Fred Hucht pointed out in the comments that the integral $\int_{0}^{e^{1/e}}\frac{1}{L(x)}dx$ can be expressed in terms of $W_{-1}(x)$, a different branch of the W-Lambert function, in the following way:

$$\int_{0}^{e^{-e}}\frac{1}{L(x)}dx = e^{1−e}-\int_1^{e}e^{uW_{-1}[-\log u/u]} du.$$ This implies the exact expression: $$\lim_{n\rightarrow \infty}\int_0^{\infty} \frac{1}{h_{2n}(x)}dx = e^{1−e}+\int_{-1/e}^e\frac{e^{-u}u}{W(u)}du-\int_1^{e}e^{uW_{-1}[-\log u/u]} du.$$

Monotonicity

For $0<x<1$, $h_{2n}(x)$ is monotonically decreasing as $n$ increases. For $1<x<e^{1/e}$, it is monotonically increasing. I believe that these two effects can be combined together in the following way. Consider $$\int_{I_2} \frac{1}{h_{2n}(x)}dx=\int_{-\frac{1}{e}}^{e}\frac{e^{-u}}{h_{2n}(e^{-u})}du.$$ Splitting at $x=1$, which corresponds to $u=0$, this decomposes into $$\int_{0}^{e}\frac{e^{-u}}{h_{2n}(e^{-u})}du+\int_{0}^{\frac{1}{e}}\frac{e^{u}}{h_{2n}(e^{u})}du=\int_{0}^{1}\frac{e^{-eu}}{h_{2n}(e^{-eu})}edu+\int_{0}^{1}\frac{e^{u/e}}{h_{2n}(e^{u/e})}\frac{1}{e}du$$

$$=\int_{0}^{1}\left(\frac{e^{1-eu}}{h_{2n}(e^{-eu})}+\frac{e^{u/e-1}}{h_{2n}(e^{u/e})}\right)du.$$

Claim 1: The function $$\frac{e^{1-ex}}{h_{2n}(e^{-ex})}+\frac{e^{x/e-1}}{h_{2n}(e^{x/e})}dx$$ is monotonically increasing in $n$ for $0<x<1$ and for $n>3$.

Monotonicity would then follow from a combination of:

  1. Stronger quantitative bounds on the integral over $I_3$.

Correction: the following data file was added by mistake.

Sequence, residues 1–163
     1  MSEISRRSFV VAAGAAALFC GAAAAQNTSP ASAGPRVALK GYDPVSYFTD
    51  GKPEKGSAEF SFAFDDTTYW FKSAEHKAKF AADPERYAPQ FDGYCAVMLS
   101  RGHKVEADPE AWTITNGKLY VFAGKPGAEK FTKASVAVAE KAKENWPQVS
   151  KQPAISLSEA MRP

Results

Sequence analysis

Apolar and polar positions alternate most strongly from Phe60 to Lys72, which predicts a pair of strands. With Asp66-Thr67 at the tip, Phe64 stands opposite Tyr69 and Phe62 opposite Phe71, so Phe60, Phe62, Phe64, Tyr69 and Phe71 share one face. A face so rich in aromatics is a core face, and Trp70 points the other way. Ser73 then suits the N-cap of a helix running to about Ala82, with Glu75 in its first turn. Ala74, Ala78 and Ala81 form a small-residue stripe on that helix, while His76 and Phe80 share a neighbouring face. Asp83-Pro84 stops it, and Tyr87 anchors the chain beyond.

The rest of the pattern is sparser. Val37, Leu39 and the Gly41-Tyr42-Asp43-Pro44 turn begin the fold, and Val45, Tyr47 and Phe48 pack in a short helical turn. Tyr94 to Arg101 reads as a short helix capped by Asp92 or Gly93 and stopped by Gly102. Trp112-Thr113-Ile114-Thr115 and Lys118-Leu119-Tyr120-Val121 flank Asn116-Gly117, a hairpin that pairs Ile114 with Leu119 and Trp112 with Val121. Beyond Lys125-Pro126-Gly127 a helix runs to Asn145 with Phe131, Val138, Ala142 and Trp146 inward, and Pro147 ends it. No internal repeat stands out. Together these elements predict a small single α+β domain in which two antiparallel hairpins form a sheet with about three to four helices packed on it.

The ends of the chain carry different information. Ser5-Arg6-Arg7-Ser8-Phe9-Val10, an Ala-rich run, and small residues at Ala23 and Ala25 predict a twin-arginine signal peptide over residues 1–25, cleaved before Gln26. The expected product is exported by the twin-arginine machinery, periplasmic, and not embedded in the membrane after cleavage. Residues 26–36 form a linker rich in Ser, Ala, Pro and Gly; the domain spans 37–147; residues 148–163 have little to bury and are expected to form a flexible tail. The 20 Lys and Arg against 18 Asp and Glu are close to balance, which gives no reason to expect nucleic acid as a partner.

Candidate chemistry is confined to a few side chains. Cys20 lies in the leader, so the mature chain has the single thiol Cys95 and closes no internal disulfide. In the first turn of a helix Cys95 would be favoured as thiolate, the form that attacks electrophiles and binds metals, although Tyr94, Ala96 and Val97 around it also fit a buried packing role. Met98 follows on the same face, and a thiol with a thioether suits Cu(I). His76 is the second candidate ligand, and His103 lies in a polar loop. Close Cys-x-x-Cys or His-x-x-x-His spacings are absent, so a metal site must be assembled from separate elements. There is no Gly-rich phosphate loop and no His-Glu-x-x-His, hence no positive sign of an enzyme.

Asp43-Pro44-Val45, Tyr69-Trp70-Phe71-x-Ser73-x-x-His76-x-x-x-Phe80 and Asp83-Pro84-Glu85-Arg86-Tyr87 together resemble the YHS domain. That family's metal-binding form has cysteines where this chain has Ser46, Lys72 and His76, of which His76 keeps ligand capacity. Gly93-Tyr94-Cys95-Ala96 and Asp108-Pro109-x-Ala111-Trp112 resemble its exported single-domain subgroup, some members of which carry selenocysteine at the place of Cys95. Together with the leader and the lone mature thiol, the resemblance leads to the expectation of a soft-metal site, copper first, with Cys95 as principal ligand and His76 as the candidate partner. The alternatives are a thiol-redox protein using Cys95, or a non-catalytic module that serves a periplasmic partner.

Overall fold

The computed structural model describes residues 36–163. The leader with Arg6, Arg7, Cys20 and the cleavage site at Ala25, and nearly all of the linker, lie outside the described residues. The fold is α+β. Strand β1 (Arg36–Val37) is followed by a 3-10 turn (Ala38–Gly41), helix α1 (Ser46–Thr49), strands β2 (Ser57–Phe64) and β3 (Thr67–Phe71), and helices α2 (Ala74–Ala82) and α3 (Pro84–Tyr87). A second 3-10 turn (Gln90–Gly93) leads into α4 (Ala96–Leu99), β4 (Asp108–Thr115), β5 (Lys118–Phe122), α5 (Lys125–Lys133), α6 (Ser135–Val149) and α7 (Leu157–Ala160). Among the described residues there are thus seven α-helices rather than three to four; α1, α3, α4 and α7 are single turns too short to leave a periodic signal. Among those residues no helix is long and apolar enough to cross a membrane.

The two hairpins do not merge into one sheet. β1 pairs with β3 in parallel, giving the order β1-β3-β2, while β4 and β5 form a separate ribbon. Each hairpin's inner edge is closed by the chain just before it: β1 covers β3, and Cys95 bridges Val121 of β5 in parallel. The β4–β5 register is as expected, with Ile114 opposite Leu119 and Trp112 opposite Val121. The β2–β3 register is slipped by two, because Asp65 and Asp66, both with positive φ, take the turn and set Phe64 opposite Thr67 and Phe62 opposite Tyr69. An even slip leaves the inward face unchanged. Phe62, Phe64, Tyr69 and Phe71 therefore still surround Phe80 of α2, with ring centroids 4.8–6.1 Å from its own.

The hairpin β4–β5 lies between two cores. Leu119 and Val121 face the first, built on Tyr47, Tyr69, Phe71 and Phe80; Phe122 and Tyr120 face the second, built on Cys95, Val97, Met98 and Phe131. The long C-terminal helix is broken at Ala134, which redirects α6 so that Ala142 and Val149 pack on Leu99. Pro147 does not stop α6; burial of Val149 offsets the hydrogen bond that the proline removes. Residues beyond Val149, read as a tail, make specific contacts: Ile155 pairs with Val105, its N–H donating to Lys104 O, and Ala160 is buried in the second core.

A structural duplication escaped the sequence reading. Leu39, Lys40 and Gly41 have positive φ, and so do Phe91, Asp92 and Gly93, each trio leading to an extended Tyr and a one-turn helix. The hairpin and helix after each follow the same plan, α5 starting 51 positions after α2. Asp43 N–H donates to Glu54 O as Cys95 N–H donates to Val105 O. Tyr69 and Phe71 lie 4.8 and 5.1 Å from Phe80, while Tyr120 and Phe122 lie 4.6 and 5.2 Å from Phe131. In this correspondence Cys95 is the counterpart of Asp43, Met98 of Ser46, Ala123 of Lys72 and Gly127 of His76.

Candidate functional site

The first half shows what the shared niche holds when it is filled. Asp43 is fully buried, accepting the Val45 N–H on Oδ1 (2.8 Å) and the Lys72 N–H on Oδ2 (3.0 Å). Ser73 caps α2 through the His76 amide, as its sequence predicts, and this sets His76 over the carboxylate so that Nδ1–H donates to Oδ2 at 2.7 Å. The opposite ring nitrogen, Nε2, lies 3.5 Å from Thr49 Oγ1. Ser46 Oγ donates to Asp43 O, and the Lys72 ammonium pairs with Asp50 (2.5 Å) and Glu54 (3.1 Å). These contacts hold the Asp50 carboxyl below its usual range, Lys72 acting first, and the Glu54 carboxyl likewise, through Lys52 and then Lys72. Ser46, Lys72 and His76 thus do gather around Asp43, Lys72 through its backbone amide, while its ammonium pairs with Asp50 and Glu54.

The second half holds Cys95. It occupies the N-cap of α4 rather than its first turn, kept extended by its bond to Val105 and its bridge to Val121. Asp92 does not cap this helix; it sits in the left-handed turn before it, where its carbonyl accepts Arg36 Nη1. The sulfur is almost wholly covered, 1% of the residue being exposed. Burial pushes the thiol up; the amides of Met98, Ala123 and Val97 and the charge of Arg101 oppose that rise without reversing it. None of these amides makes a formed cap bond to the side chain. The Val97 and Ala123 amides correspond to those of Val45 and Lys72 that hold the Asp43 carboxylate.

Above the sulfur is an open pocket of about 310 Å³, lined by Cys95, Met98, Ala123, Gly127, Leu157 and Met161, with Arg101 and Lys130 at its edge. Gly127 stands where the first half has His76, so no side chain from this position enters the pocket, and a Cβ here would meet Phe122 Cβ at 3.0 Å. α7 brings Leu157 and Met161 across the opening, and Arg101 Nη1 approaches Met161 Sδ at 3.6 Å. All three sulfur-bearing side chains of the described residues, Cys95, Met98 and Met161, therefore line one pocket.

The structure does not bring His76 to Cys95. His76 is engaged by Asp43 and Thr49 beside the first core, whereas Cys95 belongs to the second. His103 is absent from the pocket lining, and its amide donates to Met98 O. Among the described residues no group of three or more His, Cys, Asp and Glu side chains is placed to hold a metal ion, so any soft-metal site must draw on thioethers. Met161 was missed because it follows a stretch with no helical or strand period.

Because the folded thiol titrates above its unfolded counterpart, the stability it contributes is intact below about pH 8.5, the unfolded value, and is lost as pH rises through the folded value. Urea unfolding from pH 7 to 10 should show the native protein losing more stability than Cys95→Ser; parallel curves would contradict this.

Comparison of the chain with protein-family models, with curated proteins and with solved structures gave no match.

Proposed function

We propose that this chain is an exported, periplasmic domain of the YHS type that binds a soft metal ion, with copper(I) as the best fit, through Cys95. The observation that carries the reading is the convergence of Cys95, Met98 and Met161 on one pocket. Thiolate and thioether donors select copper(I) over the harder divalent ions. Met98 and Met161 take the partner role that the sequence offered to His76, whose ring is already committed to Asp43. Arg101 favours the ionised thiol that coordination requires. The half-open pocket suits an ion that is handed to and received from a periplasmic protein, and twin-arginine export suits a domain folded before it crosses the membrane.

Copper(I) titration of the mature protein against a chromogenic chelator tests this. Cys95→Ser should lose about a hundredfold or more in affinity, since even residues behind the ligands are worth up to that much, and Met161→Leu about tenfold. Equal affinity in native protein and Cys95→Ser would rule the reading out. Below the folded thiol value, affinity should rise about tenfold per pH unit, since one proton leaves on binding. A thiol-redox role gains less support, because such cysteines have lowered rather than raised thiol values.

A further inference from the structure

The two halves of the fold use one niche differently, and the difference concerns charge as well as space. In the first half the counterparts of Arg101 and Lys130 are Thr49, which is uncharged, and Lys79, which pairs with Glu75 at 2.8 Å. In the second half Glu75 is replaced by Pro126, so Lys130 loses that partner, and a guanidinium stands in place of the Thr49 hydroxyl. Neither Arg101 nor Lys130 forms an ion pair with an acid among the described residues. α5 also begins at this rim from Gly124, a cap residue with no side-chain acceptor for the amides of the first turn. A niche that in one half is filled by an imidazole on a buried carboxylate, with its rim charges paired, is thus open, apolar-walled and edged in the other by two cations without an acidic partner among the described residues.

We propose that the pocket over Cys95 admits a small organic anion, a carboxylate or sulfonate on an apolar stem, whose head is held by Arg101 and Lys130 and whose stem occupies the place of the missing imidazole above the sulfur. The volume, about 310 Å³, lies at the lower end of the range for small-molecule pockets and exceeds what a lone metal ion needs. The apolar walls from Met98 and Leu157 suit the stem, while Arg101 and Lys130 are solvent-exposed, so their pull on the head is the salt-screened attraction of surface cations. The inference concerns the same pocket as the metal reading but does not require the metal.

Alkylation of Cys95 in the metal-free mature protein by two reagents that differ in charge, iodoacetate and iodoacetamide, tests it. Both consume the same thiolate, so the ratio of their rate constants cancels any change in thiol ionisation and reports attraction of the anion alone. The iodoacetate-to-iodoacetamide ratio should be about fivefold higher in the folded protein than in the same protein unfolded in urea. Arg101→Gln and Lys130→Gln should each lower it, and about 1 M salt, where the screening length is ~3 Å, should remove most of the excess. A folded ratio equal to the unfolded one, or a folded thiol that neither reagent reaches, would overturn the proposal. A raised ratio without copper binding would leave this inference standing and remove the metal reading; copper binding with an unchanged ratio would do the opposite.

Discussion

2. A proof of Claim 1.
  3. The fact that $h_{2n}(x)$ converges to $L(x)$ from above on $I_1$.

The convergence from above on $I_1$ should outweigh the error on $I_3$.

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    $\begingroup$ First note some typos: You mixed up $L(x)$ and $1/L(x)$ a bit in your answer, and a $u$ is missing in the third integral after Prop. 2. Now my point: By integrating the inverse function of $1/L$ we find \begin{align}\int_{0}^{e^{-e}}\frac 1 {L(x)} \,\mathrm dx = e^{1-e}-\int_{1}^{e} e^{u\, W_{-1}[-\log(u)/u]} \, \mathrm du,\end{align} with $W_{k}(z) = \mathrm{ProductLog}[k,z]$. The limiting value from Prop. 1 now is $$1.91873106231887960413475821627\ldots\,.$$ $\endgroup$
    – Fred Hucht
    Jan 13, 2023 at 18:47
  • $\begingroup$ @FredHucht: That's great, thank you! $\endgroup$ Jan 13, 2023 at 19:08
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    $\begingroup$ The $u$ in the third integral after Prop. 2 is still missing, should be $e^{e^{-u}u}$. Furthermore, this integral can be simplified by a partial integration to simply give $$ e^{1/e-1} - e^{1-e} + \int_{1/e}^e\mathrm dx \, x^{-x}. $$ $\endgroup$
    – Fred Hucht
    Jan 13, 2023 at 21:52